The region of Cabo Frio and its surroundings is influenced by the coastal upwelling of the deep South Atlantic Central Water (SACW), triggered by factors such as changes in coastal directions from north-south to east-west, near shore proximity of the 100 m isobath, and prevalence of north/northeast winds, especially during spring and summer [34,35]. The cold (~18°C), nutrient-rich waters of the SACW regularly influences the entire inner continental shelf of the SBB . The continental shelf is broader from Cabo de Santa Marta Grande to the southern end of the Brazilian coast, and extends progressively southward to the edge of the continent, along the Uruguayan and Argentinean coasts .
The data collection approach, which included dead stranded animals, is under the protocol and regulations established by the Brazilian Stranding Network of Aquatic Mammals (REMAB) that is coordinated by the National Centre for Research and Conservation of Aquatic Mammals (CMA-ICMBio) from the Brazilian Ministry of the Environment (MMA) (http://www.icmbio.gov.br/cma). This study was approved by the Chico Mendes Institute for Biodiversity Conservation (ICMBio), and conducted under SISBIO license #32550–2. Both Kogia species are actually categorized as “Data Deficient” with undefined population trends on the IUCN Red List of Threatened Species (http://www.iucnredlist.org).
Stranding events and environmental data
To study the stranding distribution patterns of the genus Kogia along the Brazilian coast, we compiled both published and unpublished information to produce a database of strandings from 1965 to 2014. The database includes data obtained from beach monitoring programmes along the Brazilian coast (IBAMA, 2001) and from literature survey (through an extensive search in Web of Science and Scopus). The data were carefully selected and only reliable information was considered. Specifically, we polled together information provided by specialists on marine mammals or data confirmed by a thorough taxonomical examination (e.g. skull examinations and photographs, S1 Table). Records with doubtful species identification or without satisfactory taxonomic material were excluded. When carcasses could not be identified on a species level but were recognized as belonging to the genus Kogia and biological tissue was available, we run a molecular procedure through the amplification of the segments of the cytochrome c oxidase I gene (COI) and the mitochondrial tRNAthr-control region (for details see Kocher et al.  and Ivanova et al. ). Sequence similarity and species identification based on COI and control region genes were obtained by comparison of similarity values to the sequences deposited at the GenBank using BLASTn (NCBI, available online). Additionally, to validate the reliability of the taxonomic identifications, we performed genetic analysis in selected samples from both species of Kogia that were previously recognized based on external or skull morphology. The collected information included date of event, location, sex, body length, evidence of human-related death (e.g. bycatch) .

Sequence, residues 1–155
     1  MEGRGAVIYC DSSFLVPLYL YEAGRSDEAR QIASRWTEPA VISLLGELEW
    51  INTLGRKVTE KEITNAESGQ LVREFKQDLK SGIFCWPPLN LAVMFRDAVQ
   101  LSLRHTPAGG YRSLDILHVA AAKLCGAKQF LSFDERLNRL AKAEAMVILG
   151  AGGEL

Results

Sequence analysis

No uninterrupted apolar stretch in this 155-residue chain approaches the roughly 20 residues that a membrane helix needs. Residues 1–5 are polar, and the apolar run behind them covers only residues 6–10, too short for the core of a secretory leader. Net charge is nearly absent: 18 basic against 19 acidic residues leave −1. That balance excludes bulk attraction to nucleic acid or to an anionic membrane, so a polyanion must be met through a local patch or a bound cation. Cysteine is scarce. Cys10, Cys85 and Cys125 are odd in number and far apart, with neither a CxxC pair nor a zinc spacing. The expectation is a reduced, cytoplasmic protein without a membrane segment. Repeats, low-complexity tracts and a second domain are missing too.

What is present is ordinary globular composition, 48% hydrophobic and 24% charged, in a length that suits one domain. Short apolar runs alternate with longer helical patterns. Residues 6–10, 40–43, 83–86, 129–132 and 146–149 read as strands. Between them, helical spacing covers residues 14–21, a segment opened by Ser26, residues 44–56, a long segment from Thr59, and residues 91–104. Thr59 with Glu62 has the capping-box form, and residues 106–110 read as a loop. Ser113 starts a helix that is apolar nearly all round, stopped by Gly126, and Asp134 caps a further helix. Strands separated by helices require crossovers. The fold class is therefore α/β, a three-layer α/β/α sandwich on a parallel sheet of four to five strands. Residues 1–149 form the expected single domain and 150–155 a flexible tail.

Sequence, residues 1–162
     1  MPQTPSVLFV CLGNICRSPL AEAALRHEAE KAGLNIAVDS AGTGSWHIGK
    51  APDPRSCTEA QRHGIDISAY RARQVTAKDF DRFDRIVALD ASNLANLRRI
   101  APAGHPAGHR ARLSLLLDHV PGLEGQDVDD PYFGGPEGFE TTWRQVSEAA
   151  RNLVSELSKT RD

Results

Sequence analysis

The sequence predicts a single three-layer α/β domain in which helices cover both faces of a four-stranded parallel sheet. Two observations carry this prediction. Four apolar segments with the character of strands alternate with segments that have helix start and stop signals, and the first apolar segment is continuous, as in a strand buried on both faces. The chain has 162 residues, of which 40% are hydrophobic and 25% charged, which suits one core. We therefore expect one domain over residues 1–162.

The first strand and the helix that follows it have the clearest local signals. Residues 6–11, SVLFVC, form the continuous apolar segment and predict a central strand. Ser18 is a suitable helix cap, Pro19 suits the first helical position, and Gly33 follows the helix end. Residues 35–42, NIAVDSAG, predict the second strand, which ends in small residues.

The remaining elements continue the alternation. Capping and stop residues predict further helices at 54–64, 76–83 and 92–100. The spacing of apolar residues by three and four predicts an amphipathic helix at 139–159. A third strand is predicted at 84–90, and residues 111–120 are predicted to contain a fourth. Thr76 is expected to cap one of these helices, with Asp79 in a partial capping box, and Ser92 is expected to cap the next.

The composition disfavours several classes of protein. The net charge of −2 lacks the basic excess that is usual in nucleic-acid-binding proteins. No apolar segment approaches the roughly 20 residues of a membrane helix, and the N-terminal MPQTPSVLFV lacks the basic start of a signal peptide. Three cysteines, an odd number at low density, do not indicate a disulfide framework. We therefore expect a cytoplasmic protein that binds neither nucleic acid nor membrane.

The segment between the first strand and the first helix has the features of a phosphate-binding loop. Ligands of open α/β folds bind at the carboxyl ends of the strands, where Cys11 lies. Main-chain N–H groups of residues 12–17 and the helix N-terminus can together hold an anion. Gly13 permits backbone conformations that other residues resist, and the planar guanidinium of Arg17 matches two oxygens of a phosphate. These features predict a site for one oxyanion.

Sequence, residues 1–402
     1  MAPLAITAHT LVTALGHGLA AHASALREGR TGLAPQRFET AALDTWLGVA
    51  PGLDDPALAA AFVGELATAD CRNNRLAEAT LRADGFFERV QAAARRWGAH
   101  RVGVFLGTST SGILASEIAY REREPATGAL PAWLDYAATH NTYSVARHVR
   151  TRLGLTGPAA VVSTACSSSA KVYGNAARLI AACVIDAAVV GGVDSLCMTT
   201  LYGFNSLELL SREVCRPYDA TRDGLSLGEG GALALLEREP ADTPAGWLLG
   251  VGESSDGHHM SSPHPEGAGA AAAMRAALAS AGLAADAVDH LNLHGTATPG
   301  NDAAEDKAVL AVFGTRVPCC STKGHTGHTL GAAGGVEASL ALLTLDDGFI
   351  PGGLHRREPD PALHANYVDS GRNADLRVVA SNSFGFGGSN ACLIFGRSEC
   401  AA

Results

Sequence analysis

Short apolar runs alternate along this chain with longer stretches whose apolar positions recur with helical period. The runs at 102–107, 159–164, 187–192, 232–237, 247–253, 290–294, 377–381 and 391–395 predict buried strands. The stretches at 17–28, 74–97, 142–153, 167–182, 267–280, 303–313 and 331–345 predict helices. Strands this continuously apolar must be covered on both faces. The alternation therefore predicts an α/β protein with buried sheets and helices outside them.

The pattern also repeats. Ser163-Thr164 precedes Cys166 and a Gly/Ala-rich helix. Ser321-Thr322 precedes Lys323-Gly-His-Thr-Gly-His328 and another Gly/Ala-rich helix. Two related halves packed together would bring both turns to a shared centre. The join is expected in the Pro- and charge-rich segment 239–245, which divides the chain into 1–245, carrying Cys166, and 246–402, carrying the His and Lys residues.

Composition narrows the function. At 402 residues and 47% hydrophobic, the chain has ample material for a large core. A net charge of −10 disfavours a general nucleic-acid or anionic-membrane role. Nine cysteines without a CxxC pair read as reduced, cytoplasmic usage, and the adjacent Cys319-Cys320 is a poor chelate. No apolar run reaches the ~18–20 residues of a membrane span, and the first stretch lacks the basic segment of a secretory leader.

We also compiled climatological data from a number of freely available environmental variables, which were used as predictors in the analysis of the stranding events. The environmental variables considered were: wind speed and wind direction from the Scatterometer Climatology of Ocean Winds (SCOW), chlorophyll-a and sea surface temperature from the Moderate Resolution Imaging Spectroradiometer (MODIS), and water depth from the 1 arc-minute global relief model (ETOPO1). To analyse the relationships of these environmental variables with the stranding events, we subdivided the Brazilian coast into 11 boxes, each 3° x 3° in size (1° equal to approximately 110 km) (see Fig 1). The environmental variables were spatially averaged in each box. In order to capture the environmental conditions that could best reflect the preferred habitat of these pelagic species [12,39–42], the positions of the boxes were chosen so that their central points would be as close as possible to the edge of the continental shelf (ECS).
The extreme northern region (0.5°S– 4°N) was not included in our statistical analyses due to lack of stranding events. Therefore, environmental variables from this area were not included in the dataset. Previous studies suggest that the absence of records in the region might be attributed to environmental forces other than those evaluated in this study, e.g. fluvial discharge [20,43,44].